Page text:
BMJ 2011; 342 doi: http://dx.doi.org/10.1136/bmj.d1134 (Published 23 February 2011) Cite this as: BMJ 2011;342:d1134

BMJ Open is officially launched—it’s an open access journal of general medical research, using fully open (signed and published) peer review, and it publishes all types of study. One of the first papers looks at the wellbeing of patients with locked-in syndrome (doi:10.1136/bmjopen-2010-000039) and another looks at how free text information is used to explore how and when GPs code a diagnosis of ovarian cancer (doi:10.10.1136/bmjopen-2010-000025). To visit the journal online go to http://bmjopen.bmj.com.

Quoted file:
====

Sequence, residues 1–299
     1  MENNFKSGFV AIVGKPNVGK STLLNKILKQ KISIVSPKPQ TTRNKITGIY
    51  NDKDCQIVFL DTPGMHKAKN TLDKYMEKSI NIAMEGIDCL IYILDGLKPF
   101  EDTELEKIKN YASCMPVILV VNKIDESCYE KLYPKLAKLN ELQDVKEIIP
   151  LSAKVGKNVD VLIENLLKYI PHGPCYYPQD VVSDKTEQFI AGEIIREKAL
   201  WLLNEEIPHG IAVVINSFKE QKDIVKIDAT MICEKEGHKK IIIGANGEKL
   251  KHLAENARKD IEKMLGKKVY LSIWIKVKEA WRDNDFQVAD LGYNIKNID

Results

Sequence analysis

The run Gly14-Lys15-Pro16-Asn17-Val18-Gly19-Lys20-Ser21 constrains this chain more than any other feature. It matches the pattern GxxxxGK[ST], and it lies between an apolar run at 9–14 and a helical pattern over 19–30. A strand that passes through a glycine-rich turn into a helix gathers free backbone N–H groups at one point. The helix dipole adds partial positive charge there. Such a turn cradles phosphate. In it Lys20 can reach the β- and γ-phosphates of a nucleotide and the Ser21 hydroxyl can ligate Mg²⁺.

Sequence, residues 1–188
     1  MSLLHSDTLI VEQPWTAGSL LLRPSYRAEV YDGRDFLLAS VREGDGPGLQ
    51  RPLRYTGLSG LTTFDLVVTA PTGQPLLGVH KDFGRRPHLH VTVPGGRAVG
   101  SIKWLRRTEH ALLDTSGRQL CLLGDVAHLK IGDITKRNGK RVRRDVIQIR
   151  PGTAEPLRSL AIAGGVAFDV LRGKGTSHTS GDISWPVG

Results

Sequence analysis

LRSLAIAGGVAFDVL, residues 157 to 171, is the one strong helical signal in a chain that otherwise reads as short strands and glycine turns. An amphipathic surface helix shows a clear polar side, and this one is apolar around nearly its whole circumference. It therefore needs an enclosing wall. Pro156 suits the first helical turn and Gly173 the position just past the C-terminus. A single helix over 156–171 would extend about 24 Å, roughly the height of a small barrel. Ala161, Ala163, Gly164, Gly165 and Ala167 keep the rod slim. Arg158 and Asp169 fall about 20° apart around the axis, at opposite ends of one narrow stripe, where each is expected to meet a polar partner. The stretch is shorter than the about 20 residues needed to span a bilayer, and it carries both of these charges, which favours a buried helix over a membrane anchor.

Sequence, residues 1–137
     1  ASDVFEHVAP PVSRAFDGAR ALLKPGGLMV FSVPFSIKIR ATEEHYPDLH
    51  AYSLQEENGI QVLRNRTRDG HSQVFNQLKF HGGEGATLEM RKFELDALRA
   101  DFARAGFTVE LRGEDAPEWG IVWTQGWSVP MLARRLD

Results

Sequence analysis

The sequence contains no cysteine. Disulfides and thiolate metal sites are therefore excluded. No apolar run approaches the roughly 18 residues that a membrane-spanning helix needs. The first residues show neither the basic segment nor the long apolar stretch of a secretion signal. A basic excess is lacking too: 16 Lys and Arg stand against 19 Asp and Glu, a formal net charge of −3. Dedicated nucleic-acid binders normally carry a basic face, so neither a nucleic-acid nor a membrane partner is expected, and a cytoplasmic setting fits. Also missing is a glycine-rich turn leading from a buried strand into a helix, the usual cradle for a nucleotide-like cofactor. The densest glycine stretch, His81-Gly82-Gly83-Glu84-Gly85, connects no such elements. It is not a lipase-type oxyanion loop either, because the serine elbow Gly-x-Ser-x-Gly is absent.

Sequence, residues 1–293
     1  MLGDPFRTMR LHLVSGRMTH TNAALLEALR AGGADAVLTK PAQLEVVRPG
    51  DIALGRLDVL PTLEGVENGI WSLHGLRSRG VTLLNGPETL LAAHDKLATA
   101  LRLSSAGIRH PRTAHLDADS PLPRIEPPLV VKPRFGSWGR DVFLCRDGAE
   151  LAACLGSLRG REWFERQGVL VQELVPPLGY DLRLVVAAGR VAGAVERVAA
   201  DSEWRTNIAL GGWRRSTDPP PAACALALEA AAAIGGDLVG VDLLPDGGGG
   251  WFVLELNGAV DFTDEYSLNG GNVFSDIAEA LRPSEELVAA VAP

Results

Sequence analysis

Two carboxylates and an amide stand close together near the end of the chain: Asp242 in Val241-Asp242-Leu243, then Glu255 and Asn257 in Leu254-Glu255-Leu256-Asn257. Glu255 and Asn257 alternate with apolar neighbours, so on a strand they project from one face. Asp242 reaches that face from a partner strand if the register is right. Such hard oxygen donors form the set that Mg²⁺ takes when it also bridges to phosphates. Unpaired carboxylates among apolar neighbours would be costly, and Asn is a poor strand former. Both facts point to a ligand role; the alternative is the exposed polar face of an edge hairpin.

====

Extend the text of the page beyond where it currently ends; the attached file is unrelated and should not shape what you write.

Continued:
Lower urinary tract symptoms (LUTS) in men may be related to micronutrients involved in prevention of oxidative damage or cell growth; specifically, it’s been postulated that levels of carotenoids, vitamins A, and vitamin C are inversely associated with total LUTS, voiding, and storage symptoms. A multivariate analysis found that higher dietary intake of carotenoids and vitamin A was associated with a decreased risk of LUTS, but intake of supplemental nutrients was not. High dose supplemental vitamin C was positively associated with LUTS (Journal of Nutrition 2011;141:267-73, doi:10.3945/jn.110.132514).

Hospital admission for infection in infancy—specifically chest and gut infections—is a significant risk factor for …

View Full Text

Sign in

Log in through your institution

Free trial

Register for a free trial to thebmj.com to receive unlimited access to all content on thebmj.com for 14 days.
Sign up for a free trial